Haverlin’s Hot Take: Making a case for each NASCAR Cup championship driver

Published On November 16, 2018 | By John Haverlin | Haverlin's Hot Take, News, Top Posts

HOMESTEAD, Fla. — And then there were four.

Joey Logano, Kevin Harvick, Kyle Busch, and Martin Truex Jr. will compete for the NASCAR Cup Series championship at Homestead-Miami Speedway on Sunday.

Aside from Logano, it’s the same drivers who made it to Southern Florida as title contenders as last year. Logano’s Team Penske teammate Brad Keselowski was the other man who was a part of the final four.

It’s the same four organizations vying for the Cup. Once again, it features two Ford and two Toyota drivers.

So who will be hoisting the trophy after the Ford EcoBoost 400? Let’s discuss why each driver has a shot:

Logano

Among the four drivers, Logano has the fewest wins this season (two). He’s also the only man that hasn’t won a championship yet. But he’s been one of the best drivers throughout the playoffs.

Other than Richmond and Phoenix, Logano has finished in the top-10 in every postseason race. He won at Martinsville Speedway three weeks ago with a controversial bump-and-run on Truex to steal the checkered flag on the last lap.

Penske cars have been fast all year. Keselowski won three consecutive races less than three months ago and it seemed like his team was peaking at the right time. However, he was eliminated after the Round of 12.

Logano has carried the flag for Penske since then. Although Phoenix wasn’t kind to the No. 22 driver, he’s had all the momentum since the end of October. He’s led 463 laps since Kansas — 72 laps more than the previous 31 races combined.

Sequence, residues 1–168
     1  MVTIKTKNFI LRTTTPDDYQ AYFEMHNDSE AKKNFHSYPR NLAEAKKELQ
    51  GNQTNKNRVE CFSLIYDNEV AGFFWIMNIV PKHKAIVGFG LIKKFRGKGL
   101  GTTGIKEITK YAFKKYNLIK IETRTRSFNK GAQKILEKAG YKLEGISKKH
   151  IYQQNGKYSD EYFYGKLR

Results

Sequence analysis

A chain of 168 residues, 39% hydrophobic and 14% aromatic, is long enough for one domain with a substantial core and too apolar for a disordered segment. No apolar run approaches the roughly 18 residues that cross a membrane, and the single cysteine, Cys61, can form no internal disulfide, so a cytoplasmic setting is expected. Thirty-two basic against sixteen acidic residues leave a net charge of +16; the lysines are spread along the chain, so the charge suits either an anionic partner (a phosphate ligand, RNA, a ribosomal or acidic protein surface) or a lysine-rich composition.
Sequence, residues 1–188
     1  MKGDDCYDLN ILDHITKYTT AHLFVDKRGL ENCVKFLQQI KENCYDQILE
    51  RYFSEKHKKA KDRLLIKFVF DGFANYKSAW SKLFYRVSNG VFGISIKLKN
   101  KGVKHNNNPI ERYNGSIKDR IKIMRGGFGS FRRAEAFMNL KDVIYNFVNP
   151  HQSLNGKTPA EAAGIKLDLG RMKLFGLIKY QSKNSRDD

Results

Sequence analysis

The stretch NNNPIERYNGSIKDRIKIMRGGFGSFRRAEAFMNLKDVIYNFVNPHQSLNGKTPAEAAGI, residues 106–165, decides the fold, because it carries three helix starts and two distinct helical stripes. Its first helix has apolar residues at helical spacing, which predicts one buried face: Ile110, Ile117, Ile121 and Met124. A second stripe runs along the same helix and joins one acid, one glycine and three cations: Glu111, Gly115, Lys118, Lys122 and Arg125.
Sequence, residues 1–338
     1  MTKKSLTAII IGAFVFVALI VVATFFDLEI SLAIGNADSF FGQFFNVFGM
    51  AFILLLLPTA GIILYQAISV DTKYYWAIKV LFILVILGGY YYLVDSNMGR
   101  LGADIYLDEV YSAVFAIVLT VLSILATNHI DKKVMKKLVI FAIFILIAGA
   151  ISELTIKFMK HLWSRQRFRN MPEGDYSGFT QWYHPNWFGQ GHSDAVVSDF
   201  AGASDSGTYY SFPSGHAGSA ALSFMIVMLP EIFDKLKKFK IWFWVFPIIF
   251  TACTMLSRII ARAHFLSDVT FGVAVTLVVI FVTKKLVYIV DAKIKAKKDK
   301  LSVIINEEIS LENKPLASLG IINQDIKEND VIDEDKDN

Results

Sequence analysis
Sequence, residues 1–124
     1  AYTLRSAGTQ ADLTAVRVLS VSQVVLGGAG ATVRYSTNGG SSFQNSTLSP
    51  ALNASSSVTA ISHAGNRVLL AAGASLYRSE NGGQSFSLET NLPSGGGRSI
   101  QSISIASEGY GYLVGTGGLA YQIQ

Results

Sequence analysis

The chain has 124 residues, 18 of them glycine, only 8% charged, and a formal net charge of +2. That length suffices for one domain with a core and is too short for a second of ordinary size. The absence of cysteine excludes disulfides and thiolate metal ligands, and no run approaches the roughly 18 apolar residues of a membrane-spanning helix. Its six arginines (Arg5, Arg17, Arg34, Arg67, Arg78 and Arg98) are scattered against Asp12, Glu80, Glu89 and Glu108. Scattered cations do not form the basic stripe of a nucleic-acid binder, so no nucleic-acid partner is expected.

Logano hasn’t won at Homestead in his career, but he has a decent track record. He won the pole in 2012 and led 72 laps in the 2015 race.

Harvick

Harvick has been the fastest driver all year. The raw speed that comes out of his Stewart-Haas Racing Ford when the team unloads is superior to all other drivers, including Busch.

Harvick won at Homestead in 2014, when he earned his first Cup title. Except for 2016, he’s been a Championship 4 driver every year since the knock-out playoff format’s inception.

If Harvick and his team have a clean race, they’ll likely win the championship. But execution has been spotty for the No. 4 team in the past. Fast pit stops and no speeding penalties will make this team the one to beat.

Busch 

Busch has been in the Championship 4 every year since 2015, but he hasn’t won a title since then. Busch and Harvick have been, at times, interchangeably 1A and 1B, in terms of speed throughout the year.

Busch won at Phoenix to clinch his spot in the title race. The No. 18 is fast, and the pit team has been strong. If Harvick has any issues throughout Sunday’s 400-miler, then expect the Joe Gibbs Racing driver to win championship No. 2. He can outrace Logano and Truex with the pressure of a title bearing down on him.

Truex

With Furniture Row Racing closing up after this weekend, it’s easy to say the morale of the No. 78 crew isn’t as high as it was last year. In 2017, this team was unstoppable, and it would’ve been an upset if anyone else won the title.

This year, Truex has been in the shadow of Harvick and Busch. He’s had moments of excellence throughout the year, which has elevated him to a part of the “Big Three,” but he’s been a step behind the No. 4 and No. 18 cars. Truex has four wins compared to Busch and Harvick’s eight.

However, FRR’s strength has been the 1.5-milers, and this type of racetrack suits Truex the best. He won the Homestead race last year, and there’s no reason to doubt his capabilities of repeating. It’d also create a feel-good story for NASCAR. Headlines would read something like: “Truex, FRR ride off into the sunset with championship!” What a tale that would be.

Photo: Chris Trotman / Getty Images 

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About The Author

— a Long Island, New York native, is a graduate of Arizona State University, where he studied communication and journalism. He is a former Pit Notes reporter at ISM Raceway, where he covered NASCAR and INDYCAR throughout his collegiate career. Since 2016, he has covered American auto racing’s various forms, including NASCAR Cup, Xfinity, Truck, K&N, Whelen Modified, IndyCar, Mazda Road to Indy, USAC, Modified Touring Series, World of Outlaws, ARCA and ACT Tour. During his downtime, he likes to play his Les Paul guitar, hit the golf course and watch the New York Mets.

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